An Australian volunteer who was doing whatever volunteers do in PNG.
I was there for 2 years until Dec 2005 .. I hope I made the most of it.

Thursday, August 04, 2005


It has been worrying reading about the issues with Telikom and its employees lately. The national Telco has recently been having industrial relations problems with its workers as they have been in and out on strike for wage increases and various other political reasons. The problem now is that some rouge elements are also sabotaging the telecommunications infrastructure.

While there is nothing new with the problems with the telecommunications in this country - it was bad enough before when the raskols would rip up the copper wire to hock off or disgruntled land owners would flog solar panels from mountain top repeater stations - but now it is just getting out of hand.

Someone earlier this week cut one of the main fibre optic backbones and brought down the mobile phone network for over a day. And on the front page of the Post-Courier today there are photos showing the wanton vandalism. The finger is being pointed at either disgruntled staff or "politically inspired criminal activity".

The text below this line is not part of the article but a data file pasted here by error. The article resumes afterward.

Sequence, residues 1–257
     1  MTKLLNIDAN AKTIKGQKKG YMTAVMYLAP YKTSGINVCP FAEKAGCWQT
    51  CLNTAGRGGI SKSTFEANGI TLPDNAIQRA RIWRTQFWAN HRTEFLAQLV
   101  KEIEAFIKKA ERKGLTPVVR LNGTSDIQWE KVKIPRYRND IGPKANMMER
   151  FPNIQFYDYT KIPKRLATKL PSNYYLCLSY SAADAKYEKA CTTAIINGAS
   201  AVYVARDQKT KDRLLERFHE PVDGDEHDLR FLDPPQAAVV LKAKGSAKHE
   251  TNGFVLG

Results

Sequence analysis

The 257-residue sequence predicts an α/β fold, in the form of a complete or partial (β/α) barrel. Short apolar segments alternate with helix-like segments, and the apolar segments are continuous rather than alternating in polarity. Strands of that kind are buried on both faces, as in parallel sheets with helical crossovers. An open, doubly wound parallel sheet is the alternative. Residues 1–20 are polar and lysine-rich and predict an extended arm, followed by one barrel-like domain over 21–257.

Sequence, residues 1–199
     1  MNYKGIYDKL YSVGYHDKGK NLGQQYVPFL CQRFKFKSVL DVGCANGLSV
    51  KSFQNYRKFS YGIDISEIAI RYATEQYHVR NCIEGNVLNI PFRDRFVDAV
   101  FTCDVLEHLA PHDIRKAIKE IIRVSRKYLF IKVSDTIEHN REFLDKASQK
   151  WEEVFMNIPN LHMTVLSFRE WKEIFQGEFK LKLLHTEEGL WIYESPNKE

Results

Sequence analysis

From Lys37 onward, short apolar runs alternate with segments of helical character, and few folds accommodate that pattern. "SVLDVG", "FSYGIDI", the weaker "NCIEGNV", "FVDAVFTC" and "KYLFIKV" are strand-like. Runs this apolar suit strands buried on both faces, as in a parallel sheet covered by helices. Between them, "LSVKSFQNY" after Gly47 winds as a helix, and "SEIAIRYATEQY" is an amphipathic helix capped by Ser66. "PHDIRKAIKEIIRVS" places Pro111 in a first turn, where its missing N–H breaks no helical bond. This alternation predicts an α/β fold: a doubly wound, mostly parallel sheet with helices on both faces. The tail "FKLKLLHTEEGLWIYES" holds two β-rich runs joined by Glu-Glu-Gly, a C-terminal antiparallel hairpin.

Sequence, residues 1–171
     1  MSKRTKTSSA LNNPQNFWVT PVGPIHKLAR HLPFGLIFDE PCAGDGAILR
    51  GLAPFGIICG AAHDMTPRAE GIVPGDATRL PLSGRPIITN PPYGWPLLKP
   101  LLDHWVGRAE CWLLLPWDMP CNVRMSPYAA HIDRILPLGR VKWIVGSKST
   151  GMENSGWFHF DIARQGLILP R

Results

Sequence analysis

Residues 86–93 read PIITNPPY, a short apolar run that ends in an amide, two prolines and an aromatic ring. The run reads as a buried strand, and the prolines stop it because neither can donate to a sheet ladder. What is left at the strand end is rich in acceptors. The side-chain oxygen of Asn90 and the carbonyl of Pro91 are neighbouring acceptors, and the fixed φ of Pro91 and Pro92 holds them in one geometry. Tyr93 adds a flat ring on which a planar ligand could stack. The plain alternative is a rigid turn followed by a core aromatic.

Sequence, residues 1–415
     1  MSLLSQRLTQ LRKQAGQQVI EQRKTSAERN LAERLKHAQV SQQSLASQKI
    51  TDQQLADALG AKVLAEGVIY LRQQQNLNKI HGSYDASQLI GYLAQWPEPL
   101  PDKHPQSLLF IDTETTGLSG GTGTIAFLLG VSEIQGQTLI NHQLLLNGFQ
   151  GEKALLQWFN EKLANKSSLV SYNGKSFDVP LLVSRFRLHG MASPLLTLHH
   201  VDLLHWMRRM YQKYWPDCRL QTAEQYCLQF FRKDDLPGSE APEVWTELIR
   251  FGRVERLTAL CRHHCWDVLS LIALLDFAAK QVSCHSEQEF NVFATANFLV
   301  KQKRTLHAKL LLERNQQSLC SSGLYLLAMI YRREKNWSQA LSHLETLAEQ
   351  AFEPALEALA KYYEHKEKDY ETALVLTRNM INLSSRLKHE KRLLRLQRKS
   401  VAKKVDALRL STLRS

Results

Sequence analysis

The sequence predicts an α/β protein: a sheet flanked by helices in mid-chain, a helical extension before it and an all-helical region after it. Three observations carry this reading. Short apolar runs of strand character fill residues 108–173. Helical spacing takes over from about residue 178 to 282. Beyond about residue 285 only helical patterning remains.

My concerns for the telecommunications in this country were already in gloom mode. It is part of the reason why my project here will never be entirely fruitful. I have to look at other methods to circumvent Telikom, mainly satellite technology. But now my views are positively grim, especially for the development of PNG as a whole.

Telecommunications and development are pretty closely linked. Look at any of the recent countries to make great leaps in development - Malaysia, South Korea the other new Asian tigers - and telecoms has played a big part. Unfortunately for PNG in this respect it seems things will never look entirely up.

I have been asked a few times why PNG can't have things like broadband internet and other hi-tech facilities as part of its telecommunications. The reasoning is pretty simple; you need to run fibre optic cables between the cities to act as carrier backbones for this to take effect.

Running fibre optic cables around the country is a fairly major exercise so cost will always be an issue. Then there is the terrain that the cables will need to run over. They can't even get a road through so cables will always be hard pressed. And finally there is the land ownership issue. Anywhere cables are run, they will be passing through customary land, and if the owners are not happy with their level of compensation, a spade through the cable would be an easy way to get noticed.

I will be moving on from PNG at the end of the year, but unfortunately these problems won't be for a long time.